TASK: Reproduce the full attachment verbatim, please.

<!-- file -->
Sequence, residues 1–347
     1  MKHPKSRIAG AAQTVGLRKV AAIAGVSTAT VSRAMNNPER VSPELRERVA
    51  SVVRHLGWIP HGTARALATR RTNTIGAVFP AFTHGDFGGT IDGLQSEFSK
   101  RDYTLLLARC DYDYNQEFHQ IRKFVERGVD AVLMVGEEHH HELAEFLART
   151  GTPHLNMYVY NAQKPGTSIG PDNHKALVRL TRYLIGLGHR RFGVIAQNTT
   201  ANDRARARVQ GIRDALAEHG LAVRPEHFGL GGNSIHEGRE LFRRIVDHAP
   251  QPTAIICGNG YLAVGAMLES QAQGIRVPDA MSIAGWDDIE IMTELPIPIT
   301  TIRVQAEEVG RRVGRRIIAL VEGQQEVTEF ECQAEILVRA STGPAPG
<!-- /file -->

Sequence, residues 1–347
     1  MKHPKSRIAG AAQTVGLRKV AAIAGVSTAT VSRAMNNPER VSPELRERVA
    51  SVVRHLGWIP HGTARALATR RTNTIGAVFP AFTHGDFGGT IDGLQSEFSK
   101  RDYTLLLARC DYDYNQEFHQ IRKFVERGVD AVLMVGEEHH HELAEFLART
   151  GTPHLNMYVY NAQKPGTSIG PDNHKALVRL TRYLIGLGHR RFGVIAQNTT
   201  ANDRARARVQ GIRDALAEHG LAVRPEHFGL GGNSIHEGRE LFRRIVDHAP
   251  QPTAIICGNG YLAVGAMLES QAQGIRVPDA MSIAGWDDIE IMTELPIPIT
   301  TIRVQAEEVG RRVGRRIIAL VEGQQEVTEF ECQAEILVRA STGPAPG